Saturday, 23 March 2013

The Pope and the paper-seller

I really liked this story about the Pope and the newspaper seller - which I've just lifted wholesale from The Catholic Newsagency

Pope calls Argentine kiosk owner to cancel paper delivery
A man in Rome holds a newspaper with Pope Francis' picture on it March 14, 2013, the day after the Holy Father was elected. Credit: Mazur/
.- Pope Francis surprised the owner of a kiosk in Buenos Aires with a telephone call to send his greetings and explain that he will no longer need a morning paper delivered each day.
Around 1:30 p.m. local time on March 18, Daniel Del Regno, the kiosk owner’s son, answered the phone and heard a voice say, “Hi Daniel, it’s Cardinal Jorge.”
He thought that maybe a friend who knew that the former Archbishop of Buenos Aires bought the newspaper from them every day was pulling a prank on him.
“Seriously, it’s Jorge Bergoglio, I’m calling you from Rome,” the Pope insisted.
“I was in shock, I broke down in tears and didn’t know what to say,” Del Regno told the Argentinean daily La Nacion. “He thanked me for delivering the paper all this time and sent best wishes to my family.”
Del Regno shared that when Cardinal Bergoglio left for Rome for the conclave, he asked him if he thought he would be elected Pope. 
“He answered me, ‘That is too hot to touch. See you in 20 days, keep delivering the paper.’ And the rest is, well, history,” he said.
“I told him to take care and that I would miss him,” Del Regno continued. “I asked him if there would ever be the chance to see him here again. He said that for the time being that would be very difficult, but that he would always be with us.”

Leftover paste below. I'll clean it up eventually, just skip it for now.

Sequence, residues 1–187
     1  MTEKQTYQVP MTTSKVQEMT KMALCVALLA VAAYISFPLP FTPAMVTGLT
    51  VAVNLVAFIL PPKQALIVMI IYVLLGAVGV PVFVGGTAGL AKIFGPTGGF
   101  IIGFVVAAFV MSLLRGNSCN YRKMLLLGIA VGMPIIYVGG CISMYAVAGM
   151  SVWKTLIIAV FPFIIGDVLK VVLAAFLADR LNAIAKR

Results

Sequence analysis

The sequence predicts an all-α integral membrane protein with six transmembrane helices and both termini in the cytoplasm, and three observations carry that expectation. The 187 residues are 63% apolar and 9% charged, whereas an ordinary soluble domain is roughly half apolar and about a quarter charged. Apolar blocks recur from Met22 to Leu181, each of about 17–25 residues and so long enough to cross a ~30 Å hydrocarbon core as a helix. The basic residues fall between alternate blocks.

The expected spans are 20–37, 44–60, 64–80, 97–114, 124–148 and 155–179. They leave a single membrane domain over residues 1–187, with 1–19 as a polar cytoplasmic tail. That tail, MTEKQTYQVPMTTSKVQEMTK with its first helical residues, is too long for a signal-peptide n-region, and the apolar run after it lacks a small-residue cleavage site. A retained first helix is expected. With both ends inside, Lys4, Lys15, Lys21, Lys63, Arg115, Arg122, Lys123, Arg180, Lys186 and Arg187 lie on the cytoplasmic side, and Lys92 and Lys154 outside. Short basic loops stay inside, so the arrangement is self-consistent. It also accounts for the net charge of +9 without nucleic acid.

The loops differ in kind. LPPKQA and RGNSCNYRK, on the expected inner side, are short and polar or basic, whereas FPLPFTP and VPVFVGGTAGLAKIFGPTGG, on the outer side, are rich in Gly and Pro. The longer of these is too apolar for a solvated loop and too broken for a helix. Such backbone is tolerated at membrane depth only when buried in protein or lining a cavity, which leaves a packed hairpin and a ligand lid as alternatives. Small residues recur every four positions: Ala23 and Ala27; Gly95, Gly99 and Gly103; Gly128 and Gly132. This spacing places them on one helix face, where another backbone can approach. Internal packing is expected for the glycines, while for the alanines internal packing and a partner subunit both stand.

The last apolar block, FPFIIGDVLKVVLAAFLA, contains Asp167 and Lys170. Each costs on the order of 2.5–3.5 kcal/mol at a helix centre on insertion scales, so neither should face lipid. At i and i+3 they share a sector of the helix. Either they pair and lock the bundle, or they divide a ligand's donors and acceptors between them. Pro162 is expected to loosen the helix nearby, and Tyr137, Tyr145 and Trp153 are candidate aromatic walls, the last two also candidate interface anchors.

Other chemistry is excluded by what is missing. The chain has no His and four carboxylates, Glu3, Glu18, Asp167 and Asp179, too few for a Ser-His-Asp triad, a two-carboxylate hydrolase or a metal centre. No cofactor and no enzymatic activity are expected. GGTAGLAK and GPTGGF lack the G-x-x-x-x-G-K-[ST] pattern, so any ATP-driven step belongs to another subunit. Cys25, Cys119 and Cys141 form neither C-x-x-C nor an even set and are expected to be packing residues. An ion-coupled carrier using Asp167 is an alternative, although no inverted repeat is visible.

Before hanging up the phone, he added, the Pope asked him for his prayers.
Daniel’s father, Luis Del Regno, said they delivered the paper to the former cardinal’s residence every day.
On Sundays, he said, the cardinal “would come by the kiosk at 5:30 a.m. and buy La Nacion. He would chat with us for a few minutes and then take the bus to Lugano, where he would serve mate (tea) to young people and the sick.”
Among the “thousands of anecdotes” the elder Del Regno remembers is one involving the rubber bands that he put around the newspapers to keep them from being blown away when they were delivered to the cardinal.
“At the end of the month, he always brought them back to me. All 30 of them!” 
He said he gets goose bumps whenever he thinks about Pope Francis’ simplicity.
“In June he baptized my grandson, it was an amazing feeling,” Del Regno said. “I know what he’s like. He’s one of a kind.”

There's a speech in Shakespeare's Julius Caesar where Brutus describes the way of the ambitious in the world. 
"But when he once attains the upmost round.
He then unto the ladder turns his back,
Looks in the clouds, scorning the base degrees
By which he did ascend." 
I must say Pope Francis seems the diametric opposite of what Brutus feared in Caesar. He displays the utterly unfashion-able virtue of humility - which, in the Church's year, we shall see exemplified on Thursday, the night on which Jesus washed his disciples' feet, much to their embarrassment. The service where that is remembered and reenacted was always one of my favourite times.  
As I've said elsewhere I think that the Pope and the new Archbishop of Canterbury are both good news for their Churches. See Religion's premature obituary. The signs are good.

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